Indian climber Anjali Kulkarni, 55, died on her way back from climbing to the summit of Mount Everest on Wednesday, her son Shantanu Kulkarni told. She had become stuck in the “traffic jam” above camp four, which, at 8,000 meters (26,247 feet), is the final camp before the summit. Climber Nirmal Purja posted a picture on Instagram of the heavy human traffic on the mountain Wednesday, showing a dense trail of climbers huddling on an exposed ridge to the summit. He added that there were roughly 320 people in the queue to the top of the mountain. Danduraj Ghimire, director general of Nepal’s Tourism Department, rejected suggestions that the jam of climbers contributed to the deaths, calling such claims “baseless.”
The summit of Mount Everest has an elevation of 8,848 meters (29,029 feet). At that level, each breath contains only one-third of the oxygen found at sea level. The human body is also rapidly deteriorating at that altitude, meaning most people can spend only a matter of minutes at the top,without extra oxygen supplies, before it becomes intolerable.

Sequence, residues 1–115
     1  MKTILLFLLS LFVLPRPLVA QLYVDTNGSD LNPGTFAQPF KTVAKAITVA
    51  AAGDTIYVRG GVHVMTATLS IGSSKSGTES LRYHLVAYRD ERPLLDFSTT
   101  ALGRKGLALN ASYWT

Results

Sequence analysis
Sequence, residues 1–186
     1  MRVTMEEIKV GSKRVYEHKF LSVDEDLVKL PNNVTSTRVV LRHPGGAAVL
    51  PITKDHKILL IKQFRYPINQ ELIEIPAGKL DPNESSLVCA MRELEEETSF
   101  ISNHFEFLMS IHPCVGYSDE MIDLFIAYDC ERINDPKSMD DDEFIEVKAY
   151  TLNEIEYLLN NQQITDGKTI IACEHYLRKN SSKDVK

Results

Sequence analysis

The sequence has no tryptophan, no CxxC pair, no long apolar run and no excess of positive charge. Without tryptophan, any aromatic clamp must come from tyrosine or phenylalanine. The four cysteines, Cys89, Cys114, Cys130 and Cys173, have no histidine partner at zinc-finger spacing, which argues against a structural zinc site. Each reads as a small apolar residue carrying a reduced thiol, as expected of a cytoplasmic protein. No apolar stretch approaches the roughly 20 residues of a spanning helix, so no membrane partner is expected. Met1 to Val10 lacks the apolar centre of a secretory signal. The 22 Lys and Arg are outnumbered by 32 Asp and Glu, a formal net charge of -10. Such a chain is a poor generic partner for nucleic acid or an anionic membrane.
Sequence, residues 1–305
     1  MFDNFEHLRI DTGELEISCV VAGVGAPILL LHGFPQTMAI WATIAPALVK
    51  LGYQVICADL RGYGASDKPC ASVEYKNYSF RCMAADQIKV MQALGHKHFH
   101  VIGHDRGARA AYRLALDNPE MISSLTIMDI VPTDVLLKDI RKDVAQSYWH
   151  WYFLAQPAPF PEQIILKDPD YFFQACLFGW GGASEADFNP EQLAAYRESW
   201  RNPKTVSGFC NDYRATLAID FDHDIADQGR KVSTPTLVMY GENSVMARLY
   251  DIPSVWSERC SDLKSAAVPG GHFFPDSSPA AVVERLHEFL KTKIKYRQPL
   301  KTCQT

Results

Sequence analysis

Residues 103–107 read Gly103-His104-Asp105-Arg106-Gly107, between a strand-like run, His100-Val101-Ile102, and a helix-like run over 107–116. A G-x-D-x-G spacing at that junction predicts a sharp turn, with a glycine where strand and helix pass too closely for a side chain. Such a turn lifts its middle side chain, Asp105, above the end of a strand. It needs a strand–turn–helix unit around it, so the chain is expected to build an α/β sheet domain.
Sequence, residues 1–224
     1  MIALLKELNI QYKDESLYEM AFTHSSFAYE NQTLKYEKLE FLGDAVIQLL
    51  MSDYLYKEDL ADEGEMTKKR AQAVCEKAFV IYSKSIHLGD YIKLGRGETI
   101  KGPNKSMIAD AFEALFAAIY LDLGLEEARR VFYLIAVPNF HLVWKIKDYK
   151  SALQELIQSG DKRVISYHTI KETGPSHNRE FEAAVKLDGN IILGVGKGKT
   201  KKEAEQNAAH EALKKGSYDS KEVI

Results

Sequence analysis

“The weather has not been very great this climbing season, so when there is a small window when the weather clears up, climbers make the move,” Ghimire said. “On May 22, after several days of bad weather, there was a small window of clear weather, when more than 200 mountaineers ascended Everest. The main cause of deaths on Everest has been high altitude sickness which is what happened with most of the climbers who lost their lives this season as well.”
Reportedly out of the two Indians who died, one was Kalpana Das, 52, who reached the summit but died while descending, as a huge number of climbers queued near the top of Mount Everest. Another 27-year-old man died because of exhaustion as he was stuck in the traffic for more than 12 hours.